Like Mrs. Maisel, the wealth and glamour surrounding the characters in the show gild the clearly sad plot with a façade of charm. The half-time show did the same thing. J-Lo may have pulled it off with a team of event planners and make-up artists, but I’m betting if you went into a strip club off the highway, the tragedy of a 50-year-old pole-dancer would become quickly evident.

Stanley Hauerwas makes the point that the modern idea of freedom—freedom from constraint, limitation, and nature—is leading to “lives of quiet desperate loneliness.” It’s not that freedom and expression are bad, it’s that they can’t be ultimate. In his wonderful book The Second Mountain, David Brooks makes just this point:

“The perfectly free life is the unattached and unremembered life. Freedom is not an ocean you want to swim in; it is a river you want to cross so that you can plant yourself on the other side.”

For all the talk about how bad the half-time show was—and it was—I haven’t heard much talk about what’s good. And that’s what’s so desperately needed today: a fresh vision of the true, good, and beautiful.

For all the talk about negative freedom—”freedom from”—few people are articulating a compelling positive freedom—”freedom to.” The gospel offers such a positive freedom. It offers us a place to plant our ourselves so that we may lead peaceful and quiet lives, godly and dignified in every way (1 Tim. 2:2).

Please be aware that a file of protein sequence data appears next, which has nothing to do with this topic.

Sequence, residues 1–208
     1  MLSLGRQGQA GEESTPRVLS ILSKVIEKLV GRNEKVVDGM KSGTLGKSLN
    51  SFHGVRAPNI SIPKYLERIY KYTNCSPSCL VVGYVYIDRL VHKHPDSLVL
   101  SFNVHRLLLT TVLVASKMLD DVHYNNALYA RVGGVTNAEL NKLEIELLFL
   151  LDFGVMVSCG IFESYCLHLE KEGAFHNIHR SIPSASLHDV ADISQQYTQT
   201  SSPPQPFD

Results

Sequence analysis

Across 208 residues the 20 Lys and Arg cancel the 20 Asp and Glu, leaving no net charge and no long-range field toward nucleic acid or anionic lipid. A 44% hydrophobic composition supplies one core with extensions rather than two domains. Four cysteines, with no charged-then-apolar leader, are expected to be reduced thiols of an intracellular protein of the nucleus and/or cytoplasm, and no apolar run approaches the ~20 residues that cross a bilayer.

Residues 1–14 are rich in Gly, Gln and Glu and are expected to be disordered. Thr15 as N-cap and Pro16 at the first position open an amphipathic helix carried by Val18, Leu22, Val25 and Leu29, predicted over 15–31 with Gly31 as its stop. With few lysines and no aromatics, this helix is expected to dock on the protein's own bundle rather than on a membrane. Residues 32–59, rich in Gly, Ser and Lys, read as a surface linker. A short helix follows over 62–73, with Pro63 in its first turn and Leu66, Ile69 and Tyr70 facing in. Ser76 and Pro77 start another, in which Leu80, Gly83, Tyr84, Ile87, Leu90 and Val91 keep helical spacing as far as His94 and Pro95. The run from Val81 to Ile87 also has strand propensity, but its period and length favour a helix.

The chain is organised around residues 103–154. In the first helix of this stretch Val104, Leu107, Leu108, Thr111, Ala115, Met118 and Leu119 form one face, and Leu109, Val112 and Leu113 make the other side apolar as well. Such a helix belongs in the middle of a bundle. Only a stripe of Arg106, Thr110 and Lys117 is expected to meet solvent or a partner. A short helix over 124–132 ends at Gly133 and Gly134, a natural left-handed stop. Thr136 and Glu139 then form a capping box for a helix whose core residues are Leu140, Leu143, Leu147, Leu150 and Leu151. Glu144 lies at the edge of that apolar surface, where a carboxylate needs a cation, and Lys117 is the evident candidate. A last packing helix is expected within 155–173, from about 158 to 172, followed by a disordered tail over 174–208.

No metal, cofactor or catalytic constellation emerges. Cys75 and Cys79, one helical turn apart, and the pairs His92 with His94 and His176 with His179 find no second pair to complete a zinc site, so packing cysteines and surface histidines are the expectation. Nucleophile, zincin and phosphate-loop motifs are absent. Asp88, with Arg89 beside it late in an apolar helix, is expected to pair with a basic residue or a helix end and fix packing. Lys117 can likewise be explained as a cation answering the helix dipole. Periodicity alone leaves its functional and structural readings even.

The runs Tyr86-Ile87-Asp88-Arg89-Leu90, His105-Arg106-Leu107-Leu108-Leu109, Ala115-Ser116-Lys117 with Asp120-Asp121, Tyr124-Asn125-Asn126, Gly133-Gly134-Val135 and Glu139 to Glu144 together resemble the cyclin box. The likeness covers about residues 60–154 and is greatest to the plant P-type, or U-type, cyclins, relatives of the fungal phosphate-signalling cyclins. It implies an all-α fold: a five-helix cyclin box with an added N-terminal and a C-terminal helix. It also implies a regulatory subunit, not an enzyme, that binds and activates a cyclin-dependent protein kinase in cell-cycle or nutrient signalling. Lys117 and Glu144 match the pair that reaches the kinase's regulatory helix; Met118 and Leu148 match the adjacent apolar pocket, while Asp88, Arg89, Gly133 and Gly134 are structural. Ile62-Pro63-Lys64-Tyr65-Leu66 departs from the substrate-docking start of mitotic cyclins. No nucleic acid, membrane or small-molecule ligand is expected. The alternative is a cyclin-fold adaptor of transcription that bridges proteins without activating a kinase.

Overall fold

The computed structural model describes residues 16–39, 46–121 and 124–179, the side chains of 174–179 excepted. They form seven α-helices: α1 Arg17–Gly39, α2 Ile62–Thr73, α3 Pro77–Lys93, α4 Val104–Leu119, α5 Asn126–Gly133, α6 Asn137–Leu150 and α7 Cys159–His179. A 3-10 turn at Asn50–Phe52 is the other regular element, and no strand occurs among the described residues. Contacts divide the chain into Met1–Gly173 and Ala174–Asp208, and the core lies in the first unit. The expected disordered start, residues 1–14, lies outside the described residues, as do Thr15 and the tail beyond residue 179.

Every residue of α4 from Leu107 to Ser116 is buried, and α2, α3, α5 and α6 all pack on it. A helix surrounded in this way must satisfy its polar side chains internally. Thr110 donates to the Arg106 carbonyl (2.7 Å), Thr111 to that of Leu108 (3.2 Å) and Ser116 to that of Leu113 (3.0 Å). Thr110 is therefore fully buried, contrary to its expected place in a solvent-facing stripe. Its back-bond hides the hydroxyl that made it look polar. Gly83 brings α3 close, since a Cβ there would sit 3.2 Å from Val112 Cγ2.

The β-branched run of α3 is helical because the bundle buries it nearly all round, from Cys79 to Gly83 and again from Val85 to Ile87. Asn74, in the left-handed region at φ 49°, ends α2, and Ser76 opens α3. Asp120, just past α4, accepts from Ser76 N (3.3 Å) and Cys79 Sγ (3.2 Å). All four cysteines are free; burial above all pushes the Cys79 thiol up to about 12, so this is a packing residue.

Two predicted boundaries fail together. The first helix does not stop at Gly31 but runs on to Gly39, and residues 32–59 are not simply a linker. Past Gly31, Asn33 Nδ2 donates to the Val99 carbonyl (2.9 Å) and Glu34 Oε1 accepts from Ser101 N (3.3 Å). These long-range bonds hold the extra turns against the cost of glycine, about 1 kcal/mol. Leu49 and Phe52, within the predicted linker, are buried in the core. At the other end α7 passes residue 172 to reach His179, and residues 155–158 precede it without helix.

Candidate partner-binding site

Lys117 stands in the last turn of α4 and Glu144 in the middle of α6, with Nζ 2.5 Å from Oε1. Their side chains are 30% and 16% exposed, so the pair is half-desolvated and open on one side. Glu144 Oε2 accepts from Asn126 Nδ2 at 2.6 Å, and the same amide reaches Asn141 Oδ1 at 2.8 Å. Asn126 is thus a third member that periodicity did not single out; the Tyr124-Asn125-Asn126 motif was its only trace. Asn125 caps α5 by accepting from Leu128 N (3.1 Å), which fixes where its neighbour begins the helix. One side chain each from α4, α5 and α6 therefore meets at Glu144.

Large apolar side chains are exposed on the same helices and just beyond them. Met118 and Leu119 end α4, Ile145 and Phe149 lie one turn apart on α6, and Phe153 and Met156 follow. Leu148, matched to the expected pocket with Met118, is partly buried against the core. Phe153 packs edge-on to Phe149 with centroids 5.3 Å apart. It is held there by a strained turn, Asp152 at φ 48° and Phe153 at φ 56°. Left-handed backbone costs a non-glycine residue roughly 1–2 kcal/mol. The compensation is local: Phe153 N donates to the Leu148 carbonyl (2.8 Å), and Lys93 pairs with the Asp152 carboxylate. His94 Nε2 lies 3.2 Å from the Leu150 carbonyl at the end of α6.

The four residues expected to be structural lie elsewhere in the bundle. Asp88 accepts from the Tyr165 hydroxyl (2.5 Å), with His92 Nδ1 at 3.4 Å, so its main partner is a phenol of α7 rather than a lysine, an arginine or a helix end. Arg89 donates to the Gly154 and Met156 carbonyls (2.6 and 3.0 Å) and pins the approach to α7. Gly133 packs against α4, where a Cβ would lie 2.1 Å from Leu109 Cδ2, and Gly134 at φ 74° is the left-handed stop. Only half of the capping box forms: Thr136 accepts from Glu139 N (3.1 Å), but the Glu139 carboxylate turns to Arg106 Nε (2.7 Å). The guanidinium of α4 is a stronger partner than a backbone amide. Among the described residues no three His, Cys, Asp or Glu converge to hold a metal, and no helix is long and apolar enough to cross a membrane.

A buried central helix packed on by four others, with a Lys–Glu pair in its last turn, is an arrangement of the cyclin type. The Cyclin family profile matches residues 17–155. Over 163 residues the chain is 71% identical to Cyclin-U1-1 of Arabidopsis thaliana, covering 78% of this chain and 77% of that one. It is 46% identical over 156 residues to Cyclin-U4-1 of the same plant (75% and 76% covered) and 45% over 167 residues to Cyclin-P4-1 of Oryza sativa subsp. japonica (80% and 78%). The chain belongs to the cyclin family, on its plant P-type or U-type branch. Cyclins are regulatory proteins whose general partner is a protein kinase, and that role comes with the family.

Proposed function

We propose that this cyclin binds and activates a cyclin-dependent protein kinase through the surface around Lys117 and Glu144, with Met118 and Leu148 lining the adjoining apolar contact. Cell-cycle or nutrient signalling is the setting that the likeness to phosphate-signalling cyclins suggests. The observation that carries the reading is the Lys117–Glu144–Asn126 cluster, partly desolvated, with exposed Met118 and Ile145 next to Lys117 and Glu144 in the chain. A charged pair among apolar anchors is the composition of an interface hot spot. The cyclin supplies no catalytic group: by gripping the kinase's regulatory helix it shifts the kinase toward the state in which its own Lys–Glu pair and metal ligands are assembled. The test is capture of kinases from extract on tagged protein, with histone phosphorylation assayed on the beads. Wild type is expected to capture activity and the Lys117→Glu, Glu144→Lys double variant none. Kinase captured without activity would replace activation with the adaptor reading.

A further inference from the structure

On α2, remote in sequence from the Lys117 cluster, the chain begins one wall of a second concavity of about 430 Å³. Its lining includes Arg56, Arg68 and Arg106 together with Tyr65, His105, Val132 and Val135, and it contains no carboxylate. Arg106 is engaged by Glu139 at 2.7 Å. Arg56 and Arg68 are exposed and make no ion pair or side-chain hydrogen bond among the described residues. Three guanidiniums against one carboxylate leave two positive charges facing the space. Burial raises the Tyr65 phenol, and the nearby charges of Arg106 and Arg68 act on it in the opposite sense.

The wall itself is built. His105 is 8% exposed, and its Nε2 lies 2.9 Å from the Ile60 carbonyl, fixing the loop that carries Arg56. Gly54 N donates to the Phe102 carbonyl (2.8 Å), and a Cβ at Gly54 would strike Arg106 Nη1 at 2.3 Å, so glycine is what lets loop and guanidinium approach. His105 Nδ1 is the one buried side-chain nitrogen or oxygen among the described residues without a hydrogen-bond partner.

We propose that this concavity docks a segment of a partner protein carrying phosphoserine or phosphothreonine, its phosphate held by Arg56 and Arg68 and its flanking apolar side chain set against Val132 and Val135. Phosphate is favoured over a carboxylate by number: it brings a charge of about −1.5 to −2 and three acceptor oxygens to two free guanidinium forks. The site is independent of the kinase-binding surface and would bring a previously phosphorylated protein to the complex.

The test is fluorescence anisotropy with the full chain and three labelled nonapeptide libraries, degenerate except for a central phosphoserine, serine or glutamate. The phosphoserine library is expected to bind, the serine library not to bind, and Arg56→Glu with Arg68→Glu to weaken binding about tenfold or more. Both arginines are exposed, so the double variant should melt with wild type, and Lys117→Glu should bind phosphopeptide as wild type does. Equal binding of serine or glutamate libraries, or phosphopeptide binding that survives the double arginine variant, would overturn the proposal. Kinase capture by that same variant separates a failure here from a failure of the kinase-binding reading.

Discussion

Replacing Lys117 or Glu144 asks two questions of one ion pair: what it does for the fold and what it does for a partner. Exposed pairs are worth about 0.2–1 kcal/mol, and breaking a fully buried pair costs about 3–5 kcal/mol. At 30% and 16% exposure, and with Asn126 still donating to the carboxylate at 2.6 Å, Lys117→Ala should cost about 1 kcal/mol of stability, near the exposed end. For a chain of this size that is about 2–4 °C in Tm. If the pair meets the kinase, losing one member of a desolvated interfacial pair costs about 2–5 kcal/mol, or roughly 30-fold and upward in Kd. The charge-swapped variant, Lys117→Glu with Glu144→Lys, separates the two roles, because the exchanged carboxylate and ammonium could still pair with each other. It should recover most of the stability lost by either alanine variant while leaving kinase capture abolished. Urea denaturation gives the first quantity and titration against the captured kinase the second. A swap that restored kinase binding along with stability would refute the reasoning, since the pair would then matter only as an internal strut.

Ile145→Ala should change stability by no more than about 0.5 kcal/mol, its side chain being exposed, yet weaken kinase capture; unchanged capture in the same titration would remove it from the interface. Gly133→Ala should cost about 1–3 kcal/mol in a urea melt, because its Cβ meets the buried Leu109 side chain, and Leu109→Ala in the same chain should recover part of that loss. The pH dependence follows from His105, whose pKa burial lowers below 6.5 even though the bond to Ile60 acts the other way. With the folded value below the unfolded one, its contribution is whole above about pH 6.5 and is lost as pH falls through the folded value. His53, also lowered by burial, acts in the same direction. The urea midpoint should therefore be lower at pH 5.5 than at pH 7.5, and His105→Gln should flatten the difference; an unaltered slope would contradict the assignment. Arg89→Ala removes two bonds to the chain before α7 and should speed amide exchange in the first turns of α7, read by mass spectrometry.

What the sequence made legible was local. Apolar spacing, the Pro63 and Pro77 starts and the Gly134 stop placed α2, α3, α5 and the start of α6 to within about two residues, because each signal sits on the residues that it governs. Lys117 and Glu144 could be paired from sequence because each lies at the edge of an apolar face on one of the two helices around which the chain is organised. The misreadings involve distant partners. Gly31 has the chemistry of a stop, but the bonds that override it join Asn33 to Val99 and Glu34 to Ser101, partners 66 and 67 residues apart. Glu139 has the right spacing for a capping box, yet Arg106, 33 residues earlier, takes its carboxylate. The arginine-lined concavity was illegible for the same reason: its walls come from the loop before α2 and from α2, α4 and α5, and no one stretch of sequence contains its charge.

One of the greatest lies told us by the world, the flesh, and the devil is that the life of faith is the life of denial and self-deprivation.

For the rest of the post…

In 2013, Rachel Campos-Duffy, a blogger on the Today Show’s “Moms” site, described watching Beyonce’s Super Bowl halftime performance as a “parenting challenge.” The hyper-sensual show’s half-dressed performers had left her kids with quizzical looks on their faces. Her eight-year-old simply said, “She looks weird.”

I wish all of our kids were as confused by seeing something like that, but unfortunately, sexuality packaged as music and performance is an all-too-familiar part of our culture. After Beyonce’s version in 2013, Campos-Duffy snarkily commented, “I half-expected a stripper pole to pop out of the platform…”

Well this past Sunday, that’s exactly what happened. A stripper pole.